Pine Island Center is Pine Island’s "downtown."  Here you will find a large super market and shopping center.  There is another smaller newer shopping center built in Old Florida style.  A third shopping plaza features an old round historic building with several smaller shops and an art gallery in the rear.  The plaza was once a motel and restaurant.  Pine Island Center features a fairly new Old Florida style medical and professional center. It also features our fast food restaurants, barbecue, pizza parlor and other eateries. There are boat lift builders, a hardware store, beauty shops, a barber shop, a travel office, our four island banks, a do-it-yourself car wash, real estate offices, insurance services, accounting services, churches, two convenience stores, two pharmacies, some light industries, storage facilities, laundry, veterinary services, dentists, attorneys, etc.  There is no post office at the Center.  Every other community of Pine Island has its own post office, but not “downtown”.  Oh, by the way, there is not a traffic light in Pine Island Center or in any of Pine Island for that matter.

Pine Island Center is also home to a beautiful public library in a relatively new building. It is used by ordinary folk as well as students and by many local resident authors for research.  The old library building still stands.  It is now a museum which concentrates on local history, especially that of the Calusa Indians who once had their capital on Pine Island.  Two parks are in Pine Island Center.  One is for quiet and maybe lunch.  The Pine Island Garden Center created this “passive” park on donated land.  The other is Phillips Park, a County facility, which features a huge swimming pool open to the public for a small fee as well as lighted tennis courts at no fee to the users.  At the very end of Pine Island Road easily visible to the public is an osprey nest, the pride of the nice housing community immediately to its right. 

In Between Communities - South

Go south from the Center toward St. James City.  You will see a smattering of houses and two mobile home communities along the way as well as the VFW, American Legion and the Moose Club. Stop in for a “cool one” if you are a member.  All along the road you will see mango groves, nurseries and acres of palm groves.  On the left is the KOA Kampgrounds.  You can hike or bicycle the entire distance on a newly constructed off the road concrete bike path complete with safety rails.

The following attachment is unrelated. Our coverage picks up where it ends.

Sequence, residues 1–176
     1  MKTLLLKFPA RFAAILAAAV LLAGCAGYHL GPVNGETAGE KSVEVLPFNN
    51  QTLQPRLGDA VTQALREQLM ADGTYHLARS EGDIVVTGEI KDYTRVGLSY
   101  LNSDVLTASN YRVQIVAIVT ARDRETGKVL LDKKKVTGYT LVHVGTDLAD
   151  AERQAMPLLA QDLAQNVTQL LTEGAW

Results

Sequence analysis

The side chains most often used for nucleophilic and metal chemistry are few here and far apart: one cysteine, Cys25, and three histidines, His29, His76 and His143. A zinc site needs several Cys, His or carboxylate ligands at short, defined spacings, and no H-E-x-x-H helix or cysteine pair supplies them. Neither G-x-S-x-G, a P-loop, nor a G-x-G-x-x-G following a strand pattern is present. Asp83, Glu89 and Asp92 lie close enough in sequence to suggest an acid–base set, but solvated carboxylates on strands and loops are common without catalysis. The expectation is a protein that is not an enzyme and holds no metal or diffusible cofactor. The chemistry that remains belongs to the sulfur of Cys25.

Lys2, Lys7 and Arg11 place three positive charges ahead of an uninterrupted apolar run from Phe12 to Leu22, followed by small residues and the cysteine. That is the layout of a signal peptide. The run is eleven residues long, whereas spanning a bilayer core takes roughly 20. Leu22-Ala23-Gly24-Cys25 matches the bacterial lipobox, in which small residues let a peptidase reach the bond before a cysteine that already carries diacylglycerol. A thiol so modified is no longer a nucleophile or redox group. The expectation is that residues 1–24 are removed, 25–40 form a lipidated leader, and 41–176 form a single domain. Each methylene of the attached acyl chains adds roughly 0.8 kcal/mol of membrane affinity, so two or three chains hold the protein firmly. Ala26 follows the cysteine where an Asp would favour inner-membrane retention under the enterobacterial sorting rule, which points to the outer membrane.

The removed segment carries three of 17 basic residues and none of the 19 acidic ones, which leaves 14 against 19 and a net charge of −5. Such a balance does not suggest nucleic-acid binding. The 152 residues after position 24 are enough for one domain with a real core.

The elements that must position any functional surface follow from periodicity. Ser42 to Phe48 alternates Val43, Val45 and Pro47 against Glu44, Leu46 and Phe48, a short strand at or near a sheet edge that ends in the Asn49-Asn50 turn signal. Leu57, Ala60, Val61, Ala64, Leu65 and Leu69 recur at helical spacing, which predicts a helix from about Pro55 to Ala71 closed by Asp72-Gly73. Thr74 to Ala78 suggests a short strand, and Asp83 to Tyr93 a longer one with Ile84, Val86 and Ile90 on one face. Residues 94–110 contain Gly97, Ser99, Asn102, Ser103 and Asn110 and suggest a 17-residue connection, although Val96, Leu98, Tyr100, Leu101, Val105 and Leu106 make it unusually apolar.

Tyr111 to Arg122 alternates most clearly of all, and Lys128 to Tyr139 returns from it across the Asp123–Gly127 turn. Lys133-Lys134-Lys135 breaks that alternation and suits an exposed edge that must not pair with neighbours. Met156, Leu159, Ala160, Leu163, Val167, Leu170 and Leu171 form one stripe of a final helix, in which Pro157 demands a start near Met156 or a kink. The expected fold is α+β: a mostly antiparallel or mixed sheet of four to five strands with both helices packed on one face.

St. James City

As you enter St. James City, you will pass the entrance to St. Jude’s Harbor, which is also the entrance to the Calusa Land Trust’s St. Jude Nature Trail.  Here you can hike or bicycle through the woods and wetlands to the waters of Matlacha Pass over ground and over wood decking.  Observe the native flora and fauna along this half-mile trail.   

St. James City is Pine Island’s most heavily populated area.  It was incorporated before Ft. Myers.  But, showing itself in true Pine Island character, it “dis-incorporated” itself some time ago.  It, too,  is a mix of people, mostly a mix of retired residents, many  who maintain two homes, one in St. James and one “up North”.  You’ll see modest mobile homes, luxurious concrete block and piling homes, vacation cottages, and a small amount of condominiums and motels.  None of the condos are over 38 feet tall (one of Pine Island’s few rules).  Almost everything is waterfront.  This is a boater’s community.  The water is deep and Gulf access is easy.  There are some good places to eat, some offering frequent entertainment.  Pine Island is home to a many songwriters and  musicians.  They seem to congregate in Saint James, and can frequently be heard in parking lot "concerts."   

 In Between Communities - North

Go North from Pine Island Center toward Bokeelia (about eight miles) at Charlotte Harbor. The paved bicycle path continues north along the edge of Stringfellow Road, offering a safe place to bike or walk.  Along the way you will find some small businesses, a gallery with working pottery shed, a few churches, a restaurant or two, a mobile home park, but mostly you will see specialized agriculture.  Here are Pine Islanders defying the American trend of abandoning the farm.  They are intent to make it “farming”.  And proud they are with unique crops and methods.  There are growers of hybrid hibiscus, organic vegetable growers, growers of all kinds of palms, mango, lychee and other tropical fruit .  You can buy some of the products at produce stands or in their nurseries.  Pine Island mangoes are known throughout Florida. Pine Islands palms are shipped worldwide.  If you happen to travel to Kuwait City or the United Arab Emirates, you’ll probably see palms that were born in Pine Island.  Stop in one of the nurseries along the way to take home one of the palms or tropical fruit trees or to learn more about them.